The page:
This monk was lazy, careless, and lacking in his prayer life; but throughout all of his life, he did not judge anyone. While dying, he was happy. When the brethren asked him how is it that with so many sins, you die happy? He replied, “I now see angels who are showing me a letter with my numerous sins. I said to them, ‘Our Lord said: Judge not and you will not be judged (Lk. 6:37). I have never judged anyone, and I hope in the mercy of God that He will not judge me.’” And the angels tore up the paper. Upon hearing this, the monks were astonished and learned from it.
- St. Nikolai Velimirovich, Prologue
by A. F. Moritz
We won’t pretend we’re not hungry for distinction but what can ever distinguish us enough? This country, this language won’t last long, the race will die, later the cockroach, earth itself,
and last this beer bottle: silicon fused by man, almost indestructible, like a soul: it will go spinning ever farther from the nearest thing until space, continually deepening, drowns in itself.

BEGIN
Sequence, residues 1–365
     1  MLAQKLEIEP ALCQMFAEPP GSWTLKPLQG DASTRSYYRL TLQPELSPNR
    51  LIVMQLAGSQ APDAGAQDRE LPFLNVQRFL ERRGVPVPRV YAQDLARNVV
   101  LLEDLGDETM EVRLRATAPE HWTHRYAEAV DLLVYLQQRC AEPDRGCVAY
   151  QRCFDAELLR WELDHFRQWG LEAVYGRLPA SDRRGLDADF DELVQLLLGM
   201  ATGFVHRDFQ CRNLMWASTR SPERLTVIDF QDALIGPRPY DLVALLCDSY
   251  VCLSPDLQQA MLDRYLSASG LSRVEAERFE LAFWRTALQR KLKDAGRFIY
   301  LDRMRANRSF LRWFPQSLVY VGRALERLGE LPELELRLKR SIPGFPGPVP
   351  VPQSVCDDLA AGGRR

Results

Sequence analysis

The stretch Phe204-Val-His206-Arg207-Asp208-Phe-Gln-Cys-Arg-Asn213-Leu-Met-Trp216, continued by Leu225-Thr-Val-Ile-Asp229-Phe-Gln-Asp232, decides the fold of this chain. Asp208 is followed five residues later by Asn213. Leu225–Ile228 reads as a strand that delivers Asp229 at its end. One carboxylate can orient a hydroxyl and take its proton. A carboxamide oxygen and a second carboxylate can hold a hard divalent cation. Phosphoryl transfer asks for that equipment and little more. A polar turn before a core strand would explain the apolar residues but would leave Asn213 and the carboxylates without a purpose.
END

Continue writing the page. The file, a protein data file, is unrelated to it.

Yet we keep a hungry eye on old schoolmates and everyone born in the year of our own birth, and spend the nights in ranting over them, their money, fashionable companions, pliant critics.
To live just a little longer than they do: that would be triumph. Hence exercise and diets, and the squabble over who will write the history of this paradise of demons casting each other out.
My kids have this mouthwash that turns the invisible tarter on their teeth an electric shade of blue, thereby showing them where to most concentrate their efforts when brushing. This poem, though certainly not one I’d have embroidered and hung in my living room, had a similar effect on my soul by shining a spotlight on some usually ignored dingy parts, thereby confronting me, with its in-your-faceness, on my secret struggle with pride. Sure, I find this piece to be oppressively depressing with its bleak and dismal take on life and community. I could not hold, in fact, a more opposite worldview. I believe passionately in mercy and redemption. That certainly did not keep me from squirming in my chair, however, upon reading aloud these lines composed expertly by Mr. Moritz - lines filled with truths in which I caught a glimpse of my own unedited reflection, and it was not pretty.